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close this bookReversing the Spiral - The Population, Agriculture, and Environment Nexus in Sub-Saharan Africa (WB, 1994, 320 p.)
close this folder1. Introduction
View the document(introduction...)
View the documentThe three basic concerns
View the documentKey elements of the ''Nexus''
View the documentPopulation growth revisited: Feedback from the Nexus
View the documentElements of an action plan
View the documentConclusions

Population growth revisited: Feedback from the Nexus

Agricultural stagnation and environmental degradation probably inhibit the demographic transition because they retard economic development, which is the driving force behind this transition. The extraordinarily high fertility rates prevailing in Sub-Saharan Africa are the result of many factors. The fundamental problem is low demand for smaller families. In many societies, becoming a parent is a precondition for becoming a socially recognized adult. Fertility enhances female and male status, while infertility can result in severe anxiety and, particularly for women, can be socially and economically devastating. Such wide-spread phenomena as polygyny and women marrying considerably older men tend to increase women's eventual economic and social dependence on sons and hence their willingness to bear many children.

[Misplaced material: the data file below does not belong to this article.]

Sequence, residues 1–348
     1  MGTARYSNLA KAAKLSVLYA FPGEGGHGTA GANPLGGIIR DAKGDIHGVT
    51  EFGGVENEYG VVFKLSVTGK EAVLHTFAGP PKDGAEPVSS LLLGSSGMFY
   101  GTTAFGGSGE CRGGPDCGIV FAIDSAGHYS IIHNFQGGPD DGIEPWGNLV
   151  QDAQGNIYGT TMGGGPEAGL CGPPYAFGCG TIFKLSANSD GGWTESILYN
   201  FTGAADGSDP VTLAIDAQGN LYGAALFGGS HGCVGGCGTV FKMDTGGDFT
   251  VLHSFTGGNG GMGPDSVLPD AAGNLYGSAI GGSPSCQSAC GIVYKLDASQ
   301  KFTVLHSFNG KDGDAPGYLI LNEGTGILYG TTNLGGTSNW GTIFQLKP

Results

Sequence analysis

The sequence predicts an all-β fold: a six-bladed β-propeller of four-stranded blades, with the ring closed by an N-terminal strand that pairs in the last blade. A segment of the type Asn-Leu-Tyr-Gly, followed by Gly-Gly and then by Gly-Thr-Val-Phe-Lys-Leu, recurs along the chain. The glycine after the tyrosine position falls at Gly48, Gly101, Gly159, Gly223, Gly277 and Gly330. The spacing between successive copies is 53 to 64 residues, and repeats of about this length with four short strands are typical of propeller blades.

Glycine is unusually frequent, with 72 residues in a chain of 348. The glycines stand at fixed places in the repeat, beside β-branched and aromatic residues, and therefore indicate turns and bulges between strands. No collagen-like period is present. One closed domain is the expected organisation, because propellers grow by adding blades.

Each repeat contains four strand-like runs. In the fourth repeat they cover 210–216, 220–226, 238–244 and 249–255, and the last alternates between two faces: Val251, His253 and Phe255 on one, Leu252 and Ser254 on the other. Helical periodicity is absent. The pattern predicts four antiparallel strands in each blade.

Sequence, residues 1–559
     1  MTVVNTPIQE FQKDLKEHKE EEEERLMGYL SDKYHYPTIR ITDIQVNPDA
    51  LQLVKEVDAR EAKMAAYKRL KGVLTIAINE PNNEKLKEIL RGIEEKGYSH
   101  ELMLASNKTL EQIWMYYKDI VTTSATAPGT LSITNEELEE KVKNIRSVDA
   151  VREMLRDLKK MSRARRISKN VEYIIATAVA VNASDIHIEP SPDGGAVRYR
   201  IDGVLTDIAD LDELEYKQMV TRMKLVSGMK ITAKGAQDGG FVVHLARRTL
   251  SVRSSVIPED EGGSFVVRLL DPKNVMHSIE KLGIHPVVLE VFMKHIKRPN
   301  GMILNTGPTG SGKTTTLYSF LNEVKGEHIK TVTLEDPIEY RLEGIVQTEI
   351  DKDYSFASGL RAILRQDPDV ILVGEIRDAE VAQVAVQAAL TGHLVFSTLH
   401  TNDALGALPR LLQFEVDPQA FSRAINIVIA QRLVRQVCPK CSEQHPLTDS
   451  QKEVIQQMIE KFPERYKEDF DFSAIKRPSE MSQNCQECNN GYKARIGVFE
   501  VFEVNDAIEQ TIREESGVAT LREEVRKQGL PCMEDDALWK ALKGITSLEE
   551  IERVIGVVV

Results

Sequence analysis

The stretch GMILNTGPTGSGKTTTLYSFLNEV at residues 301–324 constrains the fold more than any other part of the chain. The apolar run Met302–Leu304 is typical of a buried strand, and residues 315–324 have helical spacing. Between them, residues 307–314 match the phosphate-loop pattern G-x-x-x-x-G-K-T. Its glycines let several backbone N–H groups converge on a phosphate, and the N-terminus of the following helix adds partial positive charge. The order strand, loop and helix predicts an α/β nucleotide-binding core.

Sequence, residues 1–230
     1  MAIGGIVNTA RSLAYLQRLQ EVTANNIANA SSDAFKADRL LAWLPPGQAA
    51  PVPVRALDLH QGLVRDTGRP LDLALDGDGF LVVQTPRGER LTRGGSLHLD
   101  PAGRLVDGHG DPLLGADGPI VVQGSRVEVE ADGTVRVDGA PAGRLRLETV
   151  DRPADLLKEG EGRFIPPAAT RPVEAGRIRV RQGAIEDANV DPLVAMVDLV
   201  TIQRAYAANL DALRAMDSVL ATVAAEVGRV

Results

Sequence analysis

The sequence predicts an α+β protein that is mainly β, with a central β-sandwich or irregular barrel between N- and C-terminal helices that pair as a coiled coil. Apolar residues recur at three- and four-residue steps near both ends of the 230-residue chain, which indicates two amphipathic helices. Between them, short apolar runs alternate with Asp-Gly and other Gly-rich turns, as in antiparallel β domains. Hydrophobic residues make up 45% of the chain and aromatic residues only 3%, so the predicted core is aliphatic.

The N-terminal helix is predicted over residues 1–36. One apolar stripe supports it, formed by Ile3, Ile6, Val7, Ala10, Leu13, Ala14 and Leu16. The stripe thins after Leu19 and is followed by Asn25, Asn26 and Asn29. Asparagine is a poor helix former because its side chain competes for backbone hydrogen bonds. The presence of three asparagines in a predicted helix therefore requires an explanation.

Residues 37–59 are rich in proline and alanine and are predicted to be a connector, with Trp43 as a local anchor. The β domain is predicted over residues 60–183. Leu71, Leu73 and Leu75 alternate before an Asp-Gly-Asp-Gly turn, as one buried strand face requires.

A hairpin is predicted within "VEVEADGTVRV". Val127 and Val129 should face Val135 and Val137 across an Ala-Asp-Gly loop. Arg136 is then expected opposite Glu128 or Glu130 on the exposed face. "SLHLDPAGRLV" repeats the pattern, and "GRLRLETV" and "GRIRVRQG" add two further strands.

Infant and child nutrition and mortality are affected by the availability of safe potable water and by the number of nutritious and warm meals provided. Where environmental degradation reduces the availability and accessibility of water and fuelwood, there is a negative impact on infant and child mortality and hence a positive impact on parental demand for more children. Where girls are kept out of school to help with domestic tasks, including water and fuelwood fetching, there are strong negative repercussions for their fertility preferences and their ability to make knowledgeable decisions about family planning once they reach childbearing age.

The preference for many children is also linked to economic considerations. In many communal land tenure systems, the amount of land allotted for farming to a family by the community (through its head or its chef de terre) is a function of the family's ability to clear and cultivate land With hired labor in most settings being rare (although labor pooling for certain tasks is not uncommon), it is family size or, more correctly, family labor that determines land allotment This is also true in open-access systems where the size of holding equals land cleared and cultivated. This counteracts efforts to simulate demand for fewer children. Moreover, as long as there is (or is perceived to be) as yet unfarmed and unclaimed land available, there is no incentive for individuals to manage their land more intensively or to limit their family size so they can bequeath a viable {arm to their offspring.